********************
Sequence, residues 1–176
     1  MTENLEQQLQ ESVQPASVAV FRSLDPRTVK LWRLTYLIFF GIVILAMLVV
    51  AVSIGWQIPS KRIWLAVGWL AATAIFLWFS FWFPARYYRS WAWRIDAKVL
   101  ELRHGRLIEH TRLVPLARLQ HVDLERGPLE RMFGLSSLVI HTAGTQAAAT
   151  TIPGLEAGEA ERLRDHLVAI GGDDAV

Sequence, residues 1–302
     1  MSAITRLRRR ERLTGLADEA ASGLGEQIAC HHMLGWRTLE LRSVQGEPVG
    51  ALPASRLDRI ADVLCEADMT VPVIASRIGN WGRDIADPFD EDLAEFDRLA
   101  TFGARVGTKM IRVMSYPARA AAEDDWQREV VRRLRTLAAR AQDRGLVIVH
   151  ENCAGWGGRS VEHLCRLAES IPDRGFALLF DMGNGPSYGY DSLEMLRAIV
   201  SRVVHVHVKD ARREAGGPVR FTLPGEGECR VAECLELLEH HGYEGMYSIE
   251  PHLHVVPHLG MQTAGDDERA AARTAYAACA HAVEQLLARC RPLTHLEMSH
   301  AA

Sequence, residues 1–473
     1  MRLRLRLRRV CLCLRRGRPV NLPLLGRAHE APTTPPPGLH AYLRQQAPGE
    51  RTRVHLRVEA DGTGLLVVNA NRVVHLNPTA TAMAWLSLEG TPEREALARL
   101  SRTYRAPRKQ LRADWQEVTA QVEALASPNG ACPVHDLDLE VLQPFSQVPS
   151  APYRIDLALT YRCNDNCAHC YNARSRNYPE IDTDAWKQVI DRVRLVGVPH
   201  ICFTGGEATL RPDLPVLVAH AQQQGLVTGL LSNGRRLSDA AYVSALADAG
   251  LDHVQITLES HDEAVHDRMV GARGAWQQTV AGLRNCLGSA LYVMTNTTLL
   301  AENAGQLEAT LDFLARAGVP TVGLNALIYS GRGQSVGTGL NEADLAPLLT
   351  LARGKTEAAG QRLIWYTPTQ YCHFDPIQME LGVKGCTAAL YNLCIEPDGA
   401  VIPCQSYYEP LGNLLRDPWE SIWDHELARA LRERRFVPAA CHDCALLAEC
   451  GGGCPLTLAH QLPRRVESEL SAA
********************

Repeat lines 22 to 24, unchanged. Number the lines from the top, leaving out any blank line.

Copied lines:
   351  LARGKTEAAG QRLIWYTPTQ YCHFDPIQME LGVKGCTAAL YNLCIEPDGA
   401  VIPCQSYYEP LGNLLRDPWE SIWDHELARA LRERRFVPAA CHDCALLAEC
   451  GGGCPLTLAH QLPRRVESEL SAA